Why New Zealand Rugby needs more Farmlands Cups
But the Crusaders’ comeback from a 26-0 half-time deficit was only a part of the story. Even more impressive was the 5,000-strong crowd that flooded the small South Canterbury town and packed its local rugby club.
Through the Farmlands Cup, Farmlands have turned an otherwise standard pre-season game into a two-day festival of rural rugby, helping to invigorate small communities and connect New Zealand’s rugby elite with its loyal heartland.
Indeed, at the pre-game skills and drills session, organised by Farmlands for local families, one Crusaders All Black was heard to remark that he had spotted more Crusaders jerseys among Temuka’s kids than at an average game in Christchurch.
The game itself was an entertaining affair as fans were treated to eight tries as both sides tussled for the Farmlands Cup in a highly-entertaining spectacle.
An overhaul in playing personnel at the break sparked a momentous comeback for the home side, who scored a quartet of tries themselves.
Timoci Tavatavanawai set the crowd alight with two impressive tries, before forwards Oli Jager and Sione Havili crashed over to level the score.
The unblemished goal kicking of Brett Cameron earned the Crusaders the lead for the first time with just a minute to play, but an 81st minute penalty awarded to the Highlanders threatened to unravel all of the hosts’ good work.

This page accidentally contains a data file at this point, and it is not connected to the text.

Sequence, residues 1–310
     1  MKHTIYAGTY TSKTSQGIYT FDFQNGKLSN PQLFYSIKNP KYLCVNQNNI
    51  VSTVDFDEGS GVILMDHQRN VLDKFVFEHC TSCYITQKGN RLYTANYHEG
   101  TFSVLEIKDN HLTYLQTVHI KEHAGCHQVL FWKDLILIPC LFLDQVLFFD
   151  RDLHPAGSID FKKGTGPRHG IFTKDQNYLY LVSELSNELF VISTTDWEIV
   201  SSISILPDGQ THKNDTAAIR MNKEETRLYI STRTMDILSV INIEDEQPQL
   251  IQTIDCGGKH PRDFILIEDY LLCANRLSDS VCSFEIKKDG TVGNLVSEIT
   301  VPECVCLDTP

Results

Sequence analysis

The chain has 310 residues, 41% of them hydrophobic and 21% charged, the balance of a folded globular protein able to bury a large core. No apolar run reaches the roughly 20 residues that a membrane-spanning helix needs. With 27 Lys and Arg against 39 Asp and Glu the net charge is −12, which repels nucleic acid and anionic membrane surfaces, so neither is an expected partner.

However, Caleb Makene’s long range shot at goal fell just short and away to the right of the posts, ensuring the Crusaders strengthened their recent iron grip on the Farmlands Cup with an enthralling 28-26 victory.
The result also meant their fans, who turned out in force, went home happy — not just because of the standard of rugby on display, but also because of the events throughout the day that brought plenty of excitement to Temuka.
The Crusaders have fought back from a 26-point half-time deficit to defeat the Highlanders 28-26 and reclaim the Farmlands Cup in front of a packed crowd in Temuka.https://t.co/ICZB6qQgu6
— RugbyPass (@RugbyPass) February 13, 2021
That is exactly what Farmlands Co-operative chief executive Peter Reidie wanted out of the fixture — the sixth of its kind since the Farmlands Cup was first staged in Waimumu in 2016.
“Having the Farmlands Cup in the rural communities, getting people off the land, they have a bit of a break and have some good times with some of their mates. That’s what it’s all about,” Reidie said.
Those sentiments were echoed by Crusaders prop Joe Moody, who noted the Farmlands Cup is an important way to give back to fans from smaller communities that Super Rugby franchises would otherwise often overlook.
“The Farmlands Cup is special for us because it’s a chance for us to connect back with our grassroots,” the 50-test All Black said.
Crusaders head coach Scott Robertson also recognised the importance of taking the four-time reigning Super Rugby champions to one of the smallest yet most passionate rugby fan bases across New Zealand.
“It is special, and it’s special for the local community because they’re here, they’re right in front of them. The dream [of playing for the Crusaders] could come true,” he said.
Temuka and South Canterbury showed us all why rural rugby is so great. We need more Farmlands Cups.
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